By Andrew Warshaw
Published on Thursday, 15 August 2013 10:35
August 15 - FIFA has now officially asked 2018 World Cup hosts Russia to explain more fully its highly contentious new law banning "homosexual propaganda" that has caused such a fierce backlash from both athletes and the gay community.
FIFA wants "clarification and more details" of Russia's anti-gay legislation and has reminded the country of its obligation to abide by anti-discrimination protocol.
The new bill punishes "propaganda of nontraditional sexual relations" with fines that can exceed $30,000. Crucially, foreign citizens violating the legislation face up to 15 days in jail and deportation.
Last week, as gay activists, including high profile comedian and actor Stephen Fry, protested about the new law and called for a boycott of next year's Sochi winter Olympics, the International Olympic Committee said it had asked for re-assurances about tolerance from the Russians to make sure the country was respecting human rights.
FIFA has now entered the fray with a message on its website pointing out that its statutes and code of conduct "foresee zero tolerance against discrimination based, among other, on sexual orientation."
"In the context of the adoption of the federal law 'on prohibition of propaganda of non-traditional sexual relations' in Russia, FIFA has asked the Russian authorities for clarification and more details on this new law," the statement said.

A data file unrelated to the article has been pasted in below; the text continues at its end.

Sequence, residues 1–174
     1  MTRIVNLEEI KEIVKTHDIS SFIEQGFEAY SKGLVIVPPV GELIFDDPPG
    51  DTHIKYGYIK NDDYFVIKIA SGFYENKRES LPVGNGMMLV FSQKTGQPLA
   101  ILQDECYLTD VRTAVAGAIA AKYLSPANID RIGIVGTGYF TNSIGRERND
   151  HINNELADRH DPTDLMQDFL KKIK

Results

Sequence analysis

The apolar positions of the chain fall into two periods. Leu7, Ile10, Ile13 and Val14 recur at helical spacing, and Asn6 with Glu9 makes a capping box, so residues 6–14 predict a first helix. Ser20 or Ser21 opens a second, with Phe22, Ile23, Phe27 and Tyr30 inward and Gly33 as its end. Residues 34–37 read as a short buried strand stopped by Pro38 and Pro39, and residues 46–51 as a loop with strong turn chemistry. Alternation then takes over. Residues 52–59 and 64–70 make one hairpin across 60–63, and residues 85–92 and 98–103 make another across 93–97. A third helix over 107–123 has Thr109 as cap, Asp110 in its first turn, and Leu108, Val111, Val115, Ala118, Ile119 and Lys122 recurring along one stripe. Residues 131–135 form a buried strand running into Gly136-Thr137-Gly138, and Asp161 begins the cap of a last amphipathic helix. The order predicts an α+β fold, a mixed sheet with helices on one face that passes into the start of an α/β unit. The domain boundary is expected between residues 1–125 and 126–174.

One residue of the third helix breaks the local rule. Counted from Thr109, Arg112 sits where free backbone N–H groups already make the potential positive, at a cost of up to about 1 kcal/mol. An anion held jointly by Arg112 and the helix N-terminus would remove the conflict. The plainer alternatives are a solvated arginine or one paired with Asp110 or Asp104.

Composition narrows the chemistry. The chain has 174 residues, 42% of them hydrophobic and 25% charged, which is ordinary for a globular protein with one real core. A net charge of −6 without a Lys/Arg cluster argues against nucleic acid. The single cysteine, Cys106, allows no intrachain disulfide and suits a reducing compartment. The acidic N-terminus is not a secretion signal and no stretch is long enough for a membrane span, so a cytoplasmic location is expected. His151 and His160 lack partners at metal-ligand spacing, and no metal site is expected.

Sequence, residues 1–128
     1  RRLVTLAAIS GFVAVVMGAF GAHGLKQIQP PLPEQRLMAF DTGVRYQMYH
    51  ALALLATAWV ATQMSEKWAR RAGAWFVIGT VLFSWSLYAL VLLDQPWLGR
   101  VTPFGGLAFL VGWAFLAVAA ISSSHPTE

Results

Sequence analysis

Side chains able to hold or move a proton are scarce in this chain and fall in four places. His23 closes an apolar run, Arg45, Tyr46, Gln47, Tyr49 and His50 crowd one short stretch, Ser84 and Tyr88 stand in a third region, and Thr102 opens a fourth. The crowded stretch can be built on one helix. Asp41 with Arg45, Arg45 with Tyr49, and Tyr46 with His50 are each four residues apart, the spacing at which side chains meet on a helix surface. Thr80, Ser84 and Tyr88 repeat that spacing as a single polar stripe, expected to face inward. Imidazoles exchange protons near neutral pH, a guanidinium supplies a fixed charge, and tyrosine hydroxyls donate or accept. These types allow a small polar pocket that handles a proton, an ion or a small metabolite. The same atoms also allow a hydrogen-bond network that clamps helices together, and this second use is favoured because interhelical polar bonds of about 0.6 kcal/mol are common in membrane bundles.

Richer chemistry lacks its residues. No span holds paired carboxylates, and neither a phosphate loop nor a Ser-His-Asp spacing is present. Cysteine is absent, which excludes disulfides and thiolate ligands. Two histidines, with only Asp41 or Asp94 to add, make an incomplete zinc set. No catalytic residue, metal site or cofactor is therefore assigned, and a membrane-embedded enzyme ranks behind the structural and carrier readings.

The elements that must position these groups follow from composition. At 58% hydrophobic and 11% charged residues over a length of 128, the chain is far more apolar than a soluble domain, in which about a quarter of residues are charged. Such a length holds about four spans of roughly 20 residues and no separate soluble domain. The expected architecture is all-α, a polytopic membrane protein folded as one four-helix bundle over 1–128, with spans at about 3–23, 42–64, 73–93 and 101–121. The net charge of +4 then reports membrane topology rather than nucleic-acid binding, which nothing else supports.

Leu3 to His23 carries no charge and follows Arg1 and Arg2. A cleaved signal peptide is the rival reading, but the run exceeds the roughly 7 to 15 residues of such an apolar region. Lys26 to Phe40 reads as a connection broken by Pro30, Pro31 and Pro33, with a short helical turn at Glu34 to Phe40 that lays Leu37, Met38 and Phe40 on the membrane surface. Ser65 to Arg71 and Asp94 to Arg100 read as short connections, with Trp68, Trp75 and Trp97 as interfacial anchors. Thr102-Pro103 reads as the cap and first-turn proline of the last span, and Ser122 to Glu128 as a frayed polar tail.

Despite boycott calls, it seems inconceivable that the IOC would strip Sochi of hosting rights. But FIFA's intervention has given Russian World Cup organisers, who have periodically been forced to refute allegations of racism but have been otherwise relatively free of adverse global publicity as they prepare for the event, a headache they could do without.
"FIFA expects that all guests in a FIFA World Cup host country whether they are fans, players, officials or media, experience a great FIFA World Cup irrespective of their sexual orientation," the FIFA statement continued.
"FIFA is firmly convinced that the staging of the FIFA World Cup can contribute to uniting people and having a positive social impact. Russia has committed to provide all visitors and fans with a warm welcome and ensure their safety. FIFA trusts that the 2018 FIFA World Cup hosts will deliver on this promise."
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